Recent Rulings By Romania’s High Court Clarify Thorny Issues In Labor And Employment Law

In Romania, the inconsistent interpretation and application of legal provisions by the courts have resulted in uneven and confusing case law and, in general, in an increased degree of uncertainty with respect to the predictability of litigation outcome. Under the Romanian legal system, the High Court of Cassation and Justice (High Court) has final authority in unifying divergent case law through a special type of ruling—one that is issued following a so-called "appeal in the interest of law" ("recurs in interesul legii") filed by the country's General Prosecutor to restore legal certainty if, as the jurisprudence around existing legal provisions evolves, different opinions or interpretations of the lower courts are reported.

Labor law has finally made it to the agenda of Romania's High Court, which has recently ruled on three important topics, outlined below. In doing so, the High Court has created a binding judicial precedent which sets out the mandatory rules for any subsequent cases involving identical or similar situations, trialed in front of the High Court itself or in lower courts in the judicial hierarchy.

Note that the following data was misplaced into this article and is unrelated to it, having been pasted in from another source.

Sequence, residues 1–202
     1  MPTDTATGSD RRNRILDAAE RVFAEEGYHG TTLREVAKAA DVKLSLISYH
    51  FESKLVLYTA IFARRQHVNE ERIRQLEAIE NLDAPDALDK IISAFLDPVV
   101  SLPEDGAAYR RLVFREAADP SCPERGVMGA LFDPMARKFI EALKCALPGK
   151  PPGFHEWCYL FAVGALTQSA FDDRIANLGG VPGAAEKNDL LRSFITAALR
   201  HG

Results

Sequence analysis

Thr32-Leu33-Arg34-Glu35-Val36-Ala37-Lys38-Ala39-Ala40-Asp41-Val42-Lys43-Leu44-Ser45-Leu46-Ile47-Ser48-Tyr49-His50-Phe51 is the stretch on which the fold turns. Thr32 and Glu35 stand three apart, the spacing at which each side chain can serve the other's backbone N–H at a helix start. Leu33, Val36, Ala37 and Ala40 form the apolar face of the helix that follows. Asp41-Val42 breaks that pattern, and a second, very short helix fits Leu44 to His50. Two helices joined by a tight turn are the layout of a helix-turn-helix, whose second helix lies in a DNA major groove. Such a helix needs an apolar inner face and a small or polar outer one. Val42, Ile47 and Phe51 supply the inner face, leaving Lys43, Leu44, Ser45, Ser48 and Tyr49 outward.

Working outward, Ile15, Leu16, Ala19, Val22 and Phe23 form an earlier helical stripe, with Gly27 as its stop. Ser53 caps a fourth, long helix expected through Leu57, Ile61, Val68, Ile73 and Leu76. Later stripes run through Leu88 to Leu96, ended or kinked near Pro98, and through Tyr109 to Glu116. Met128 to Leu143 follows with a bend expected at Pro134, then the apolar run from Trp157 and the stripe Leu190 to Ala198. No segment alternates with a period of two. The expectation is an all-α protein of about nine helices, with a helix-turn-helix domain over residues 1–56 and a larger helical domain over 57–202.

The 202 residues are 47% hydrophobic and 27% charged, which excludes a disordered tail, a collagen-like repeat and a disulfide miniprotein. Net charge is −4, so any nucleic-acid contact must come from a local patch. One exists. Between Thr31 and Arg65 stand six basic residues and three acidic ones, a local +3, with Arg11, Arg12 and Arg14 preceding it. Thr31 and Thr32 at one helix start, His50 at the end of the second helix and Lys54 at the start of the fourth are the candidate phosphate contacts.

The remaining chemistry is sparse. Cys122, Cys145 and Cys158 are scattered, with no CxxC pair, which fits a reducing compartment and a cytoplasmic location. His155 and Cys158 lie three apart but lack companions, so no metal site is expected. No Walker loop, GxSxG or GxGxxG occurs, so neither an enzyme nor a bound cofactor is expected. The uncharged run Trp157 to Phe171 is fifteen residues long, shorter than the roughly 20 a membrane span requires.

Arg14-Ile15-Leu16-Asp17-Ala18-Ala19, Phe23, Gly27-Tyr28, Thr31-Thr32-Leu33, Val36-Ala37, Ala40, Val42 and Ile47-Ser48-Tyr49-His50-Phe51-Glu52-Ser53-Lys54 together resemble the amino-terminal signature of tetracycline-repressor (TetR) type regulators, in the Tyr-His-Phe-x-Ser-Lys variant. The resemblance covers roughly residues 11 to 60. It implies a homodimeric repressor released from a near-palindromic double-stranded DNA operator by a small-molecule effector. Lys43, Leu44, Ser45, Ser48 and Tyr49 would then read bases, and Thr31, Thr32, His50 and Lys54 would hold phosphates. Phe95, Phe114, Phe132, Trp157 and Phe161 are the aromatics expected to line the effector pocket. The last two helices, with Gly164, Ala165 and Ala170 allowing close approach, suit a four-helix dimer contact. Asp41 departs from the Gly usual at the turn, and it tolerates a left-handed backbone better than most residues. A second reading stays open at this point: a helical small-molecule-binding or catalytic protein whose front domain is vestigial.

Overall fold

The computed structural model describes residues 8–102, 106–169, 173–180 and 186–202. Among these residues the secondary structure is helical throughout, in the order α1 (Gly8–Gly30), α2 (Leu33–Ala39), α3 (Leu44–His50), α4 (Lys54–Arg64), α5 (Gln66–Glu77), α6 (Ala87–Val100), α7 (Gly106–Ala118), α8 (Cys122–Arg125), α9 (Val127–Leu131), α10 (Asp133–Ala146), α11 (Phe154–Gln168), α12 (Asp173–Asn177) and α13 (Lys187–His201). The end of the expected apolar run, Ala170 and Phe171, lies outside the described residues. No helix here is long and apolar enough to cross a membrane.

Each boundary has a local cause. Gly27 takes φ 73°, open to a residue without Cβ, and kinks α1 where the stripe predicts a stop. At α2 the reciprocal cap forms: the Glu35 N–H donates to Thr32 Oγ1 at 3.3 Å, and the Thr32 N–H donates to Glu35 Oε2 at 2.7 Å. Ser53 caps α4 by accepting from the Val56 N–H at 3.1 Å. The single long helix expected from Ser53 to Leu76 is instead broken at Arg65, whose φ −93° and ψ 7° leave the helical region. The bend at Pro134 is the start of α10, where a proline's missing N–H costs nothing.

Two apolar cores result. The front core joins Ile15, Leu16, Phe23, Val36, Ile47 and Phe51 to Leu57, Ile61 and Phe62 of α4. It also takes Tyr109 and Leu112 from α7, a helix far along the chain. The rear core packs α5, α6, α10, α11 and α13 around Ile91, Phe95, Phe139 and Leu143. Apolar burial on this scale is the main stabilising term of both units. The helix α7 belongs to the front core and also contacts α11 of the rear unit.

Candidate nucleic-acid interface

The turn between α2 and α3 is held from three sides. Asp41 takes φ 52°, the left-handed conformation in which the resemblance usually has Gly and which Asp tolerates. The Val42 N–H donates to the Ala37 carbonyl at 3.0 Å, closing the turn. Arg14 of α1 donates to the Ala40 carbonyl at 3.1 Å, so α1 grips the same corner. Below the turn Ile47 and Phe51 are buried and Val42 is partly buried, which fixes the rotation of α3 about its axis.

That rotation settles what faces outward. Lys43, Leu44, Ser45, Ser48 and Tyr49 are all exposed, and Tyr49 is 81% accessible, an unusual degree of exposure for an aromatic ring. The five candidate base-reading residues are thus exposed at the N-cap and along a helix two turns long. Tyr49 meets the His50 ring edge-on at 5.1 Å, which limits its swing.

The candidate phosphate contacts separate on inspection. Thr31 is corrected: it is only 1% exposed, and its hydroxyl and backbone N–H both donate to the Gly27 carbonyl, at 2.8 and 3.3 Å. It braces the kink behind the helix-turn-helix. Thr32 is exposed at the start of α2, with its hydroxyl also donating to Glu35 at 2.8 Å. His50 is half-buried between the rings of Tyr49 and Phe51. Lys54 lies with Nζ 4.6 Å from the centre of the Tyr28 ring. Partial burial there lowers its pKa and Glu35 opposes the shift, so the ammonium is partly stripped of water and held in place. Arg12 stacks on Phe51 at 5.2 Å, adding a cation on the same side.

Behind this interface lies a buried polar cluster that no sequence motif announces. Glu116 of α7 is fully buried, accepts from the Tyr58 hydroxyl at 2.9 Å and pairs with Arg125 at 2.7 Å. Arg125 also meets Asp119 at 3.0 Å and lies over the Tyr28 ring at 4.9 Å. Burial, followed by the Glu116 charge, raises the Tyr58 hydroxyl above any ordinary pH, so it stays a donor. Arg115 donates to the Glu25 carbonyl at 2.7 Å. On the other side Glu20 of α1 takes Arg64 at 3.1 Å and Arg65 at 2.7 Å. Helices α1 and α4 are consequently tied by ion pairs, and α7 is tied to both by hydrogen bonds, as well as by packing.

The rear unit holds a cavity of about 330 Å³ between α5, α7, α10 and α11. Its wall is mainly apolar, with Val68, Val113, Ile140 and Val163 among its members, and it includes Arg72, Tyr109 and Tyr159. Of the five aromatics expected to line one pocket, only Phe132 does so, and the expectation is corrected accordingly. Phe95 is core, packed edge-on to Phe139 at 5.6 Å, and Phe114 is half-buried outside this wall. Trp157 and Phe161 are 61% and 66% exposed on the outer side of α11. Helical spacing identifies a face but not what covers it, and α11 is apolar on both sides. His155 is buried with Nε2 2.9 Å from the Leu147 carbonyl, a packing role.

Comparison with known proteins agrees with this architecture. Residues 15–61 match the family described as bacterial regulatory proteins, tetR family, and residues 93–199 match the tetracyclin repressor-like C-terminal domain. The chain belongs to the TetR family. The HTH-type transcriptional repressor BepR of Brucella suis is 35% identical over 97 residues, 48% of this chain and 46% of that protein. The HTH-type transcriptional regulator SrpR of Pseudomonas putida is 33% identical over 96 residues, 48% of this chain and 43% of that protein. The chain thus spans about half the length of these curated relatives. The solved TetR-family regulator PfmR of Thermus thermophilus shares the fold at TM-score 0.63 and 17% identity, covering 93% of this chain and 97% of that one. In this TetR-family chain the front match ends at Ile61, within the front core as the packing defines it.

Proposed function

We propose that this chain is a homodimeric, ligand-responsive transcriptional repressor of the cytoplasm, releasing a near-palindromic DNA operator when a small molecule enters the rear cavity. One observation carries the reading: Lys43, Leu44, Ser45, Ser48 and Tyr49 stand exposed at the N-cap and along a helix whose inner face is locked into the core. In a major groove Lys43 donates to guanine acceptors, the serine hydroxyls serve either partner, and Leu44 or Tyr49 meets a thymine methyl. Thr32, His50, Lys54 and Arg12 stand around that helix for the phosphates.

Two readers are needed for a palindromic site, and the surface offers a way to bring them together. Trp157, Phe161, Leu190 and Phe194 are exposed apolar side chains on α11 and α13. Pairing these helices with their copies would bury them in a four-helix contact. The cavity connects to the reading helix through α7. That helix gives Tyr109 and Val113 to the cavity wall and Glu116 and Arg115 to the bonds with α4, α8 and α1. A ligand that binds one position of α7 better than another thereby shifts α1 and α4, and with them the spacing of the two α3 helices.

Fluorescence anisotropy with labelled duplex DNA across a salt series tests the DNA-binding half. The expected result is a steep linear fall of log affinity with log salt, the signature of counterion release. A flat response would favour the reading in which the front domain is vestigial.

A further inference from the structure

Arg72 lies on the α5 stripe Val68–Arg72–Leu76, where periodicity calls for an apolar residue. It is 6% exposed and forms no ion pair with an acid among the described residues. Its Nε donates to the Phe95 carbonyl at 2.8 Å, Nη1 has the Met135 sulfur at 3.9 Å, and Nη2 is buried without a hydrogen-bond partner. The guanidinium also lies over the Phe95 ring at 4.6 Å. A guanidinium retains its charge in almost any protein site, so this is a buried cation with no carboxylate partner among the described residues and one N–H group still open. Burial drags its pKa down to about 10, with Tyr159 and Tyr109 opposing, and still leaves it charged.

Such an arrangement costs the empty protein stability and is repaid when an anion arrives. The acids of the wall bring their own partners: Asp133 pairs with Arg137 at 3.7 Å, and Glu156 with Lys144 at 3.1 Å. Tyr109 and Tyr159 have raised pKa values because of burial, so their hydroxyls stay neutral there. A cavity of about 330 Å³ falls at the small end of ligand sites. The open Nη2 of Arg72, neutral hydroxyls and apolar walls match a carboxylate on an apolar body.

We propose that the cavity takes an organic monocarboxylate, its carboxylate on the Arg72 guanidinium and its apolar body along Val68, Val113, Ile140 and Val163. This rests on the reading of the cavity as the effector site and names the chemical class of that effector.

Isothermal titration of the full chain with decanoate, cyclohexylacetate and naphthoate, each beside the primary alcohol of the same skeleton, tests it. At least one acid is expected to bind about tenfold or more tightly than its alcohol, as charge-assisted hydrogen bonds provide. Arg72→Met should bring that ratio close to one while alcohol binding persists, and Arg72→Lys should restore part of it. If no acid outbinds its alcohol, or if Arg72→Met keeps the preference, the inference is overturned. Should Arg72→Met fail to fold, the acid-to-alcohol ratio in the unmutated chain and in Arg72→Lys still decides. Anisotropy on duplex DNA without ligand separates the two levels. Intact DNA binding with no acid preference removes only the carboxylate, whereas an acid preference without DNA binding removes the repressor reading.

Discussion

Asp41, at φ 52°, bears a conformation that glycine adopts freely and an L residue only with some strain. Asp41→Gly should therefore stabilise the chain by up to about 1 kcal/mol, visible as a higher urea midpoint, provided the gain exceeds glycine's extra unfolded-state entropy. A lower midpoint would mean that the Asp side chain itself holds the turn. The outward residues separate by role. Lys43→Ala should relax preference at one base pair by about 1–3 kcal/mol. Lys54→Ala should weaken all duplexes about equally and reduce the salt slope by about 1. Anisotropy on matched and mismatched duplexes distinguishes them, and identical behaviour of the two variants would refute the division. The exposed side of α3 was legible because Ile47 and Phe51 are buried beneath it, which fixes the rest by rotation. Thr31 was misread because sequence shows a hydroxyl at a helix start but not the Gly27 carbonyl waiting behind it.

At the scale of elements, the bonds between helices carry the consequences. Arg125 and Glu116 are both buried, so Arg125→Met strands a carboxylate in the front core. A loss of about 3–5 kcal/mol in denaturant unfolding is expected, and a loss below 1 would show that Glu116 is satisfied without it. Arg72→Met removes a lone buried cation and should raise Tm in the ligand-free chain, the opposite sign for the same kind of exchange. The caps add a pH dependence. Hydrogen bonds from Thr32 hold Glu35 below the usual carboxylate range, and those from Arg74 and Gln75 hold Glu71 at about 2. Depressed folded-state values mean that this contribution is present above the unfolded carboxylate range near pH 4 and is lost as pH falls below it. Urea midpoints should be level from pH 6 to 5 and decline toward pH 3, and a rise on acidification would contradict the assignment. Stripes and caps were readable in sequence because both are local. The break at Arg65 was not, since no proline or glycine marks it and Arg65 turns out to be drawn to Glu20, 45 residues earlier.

The capacity of unions to bring court actions on behalf of their members

Through Decision no. 1/2013, the High Court has shed light on a matter that initially arose under the previous law on unions, Law 54/2003, as amended, now replaced by Law 62/2011 on the Social Dialogue, which, even if it brought about great reforms, failed to clarify this issue. There were two different opinions in the jurisprudence regarding the capacity of unions to bring a direct court action in connection with the rights and interests of its members. One opinion says that the union itself did not have litigation standing in its own name and it could only represent its members, to the extent to which union members themselves launched a court action. Another opinion says that unions were allowed to initiate a court action even in the absence of a direct mandate from its members, to defend their rights and interests.

The latter opinion has prevailed and been acknowledged by the High Court, which has thus consecrated the independent standing of unions in court. As a result, unions can initiate litigation to the individual or collective benefit of their members.

It is important to note that union members retain the so-called "litigation disposition rights" at all times, which means that they may withdraw the claim and thus stop the trial if they choose to do...

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